The café is open six days a week, and offers dinner from 5pm to 10pm on Tuesday through Saturday. As well as staples like rice, salad, soup, pasta, bread, and veggies, diners can tuck in to specials based on a different international cuisine each day – there’s Indian, Italian, Mediterranean, Latin and American. And on Sunday, there’s a delicious brunch from 11am to 3pm of vegan pancakes, scrambled and barbecue tofu, and spinach filo.
“Most of the vegan and vegetarian restaurants on the Lower East side are Chinese cuisine, and there aren’t a lot of other options,” Jahnava says. “But we have a blend of all international cuisines, which makes it really unique.”
More than just a place to eat and shop, Taste of Bhakti, with its attractive ground floor entrance, is the perfect introduction to all the activities that go on throughout the Bhakti Center’s six floors. The café draws forty to fifty people a day, while another thirty to forty come to shop at the boutique. Many have questions.
“A lot of them just want to know more about our philosophy, so I take my time to introduce them to chanting and to our Vaishnava culture,” says Jahnava.
Nila and Jahnava also invite customers to the Bhakti Center’s weekly kirtans, its classes on the Bhagavad-gita and Ayurvedic vegetarian cooking, and its various other spiritual seminars and workshops.
“My favorite part about working here is being able to share Krishna consciousness, which is the best gift I ever received, with other people, and seeing them open and excited about it,” says Jahnava.
She explains that people can sense there’s something special about the Bhakti Center. “Most people walk in with a compliment like, ‘I love the energy in this place,’ or ‘This place is the jewel of the neighborhood,” she says. “I even had someone come across the street and say, ‘You guys have such a beautiful energy that sometimes when I feel sad I just look through the window and I feel better.’”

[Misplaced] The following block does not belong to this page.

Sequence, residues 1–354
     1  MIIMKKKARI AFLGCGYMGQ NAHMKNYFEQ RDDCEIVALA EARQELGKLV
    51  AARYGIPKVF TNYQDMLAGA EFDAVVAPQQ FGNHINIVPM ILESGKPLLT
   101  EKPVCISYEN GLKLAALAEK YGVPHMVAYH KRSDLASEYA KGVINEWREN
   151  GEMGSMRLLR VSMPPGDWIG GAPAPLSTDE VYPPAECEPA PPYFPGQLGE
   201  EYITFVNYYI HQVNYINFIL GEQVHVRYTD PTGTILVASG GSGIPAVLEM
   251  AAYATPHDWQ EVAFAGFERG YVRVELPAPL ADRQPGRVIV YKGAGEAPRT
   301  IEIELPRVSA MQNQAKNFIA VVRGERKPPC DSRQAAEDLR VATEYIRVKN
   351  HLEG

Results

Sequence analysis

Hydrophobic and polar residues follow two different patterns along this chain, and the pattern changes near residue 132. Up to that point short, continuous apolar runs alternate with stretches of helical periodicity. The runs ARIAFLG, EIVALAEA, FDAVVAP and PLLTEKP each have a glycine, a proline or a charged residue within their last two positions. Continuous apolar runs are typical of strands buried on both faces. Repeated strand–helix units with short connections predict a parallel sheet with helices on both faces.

The service that Nila, Jahnava, Chaitanya, Krishangi, Mathura, Doyal Gauranga and others do at the Bhakti Center is not only drawing newcomers. It’s also inspiring their young friends to make their own contributions. Goura Rivera has volunteered hours of his time designing clothing tags, banners and signs for Taste of Bhakti. Balaram Poddar has helped with marketing. Narayan Gibbs helped with the renovations. And now many other second generation devotees, seeing their friends stepping up, are coming forward to invest their own time and energy in other areas of the Bhakti Center.
“It’s all because the management here gave us the room to run with the project without micromanaging,” says Nila. “So now all our friends are volunteering their own creative energies and their own ideas, and that’s just so much more fulfilling for them.”
Of course, while volunteers have been essential to this early stage of the project, Nila aims to set it up as an effective business before he leaves.
“Initially we’re having to rely on a lot of people to do service, both from the team and from the greater community, and that’s wonderful to see,” he says. “But we want to get to the point where the project not only provides financially for the Bhakti Center, but also provides support for the people who are serving it to live comfortably and not have to oversacrifice. We want it to be a project that is very beneficial to the public, but that’s also financially sound.”[ bhakti-center ] [ new-york-city ]